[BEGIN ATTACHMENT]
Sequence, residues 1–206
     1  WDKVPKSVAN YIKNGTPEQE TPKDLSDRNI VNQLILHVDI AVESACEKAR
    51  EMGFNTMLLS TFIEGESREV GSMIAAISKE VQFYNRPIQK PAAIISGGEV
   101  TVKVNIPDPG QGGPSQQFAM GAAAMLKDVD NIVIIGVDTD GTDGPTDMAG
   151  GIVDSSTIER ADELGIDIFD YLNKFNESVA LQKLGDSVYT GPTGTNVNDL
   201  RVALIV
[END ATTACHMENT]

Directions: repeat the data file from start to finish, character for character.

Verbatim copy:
Sequence, residues 1–206
     1  WDKVPKSVAN YIKNGTPEQE TPKDLSDRNI VNQLILHVDI AVESACEKAR
    51  EMGFNTMLLS TFIEGESREV GSMIAAISKE VQFYNRPIQK PAAIISGGEV
   101  TVKVNIPDPG QGGPSQQFAM GAAAMLKDVD NIVIIGVDTD GTDGPTDMAG
   151  GIVDSSTIER ADELGIDIFD YLNKFNESVA LQKLGDSVYT GPTGTNVNDL
   201  RVALIV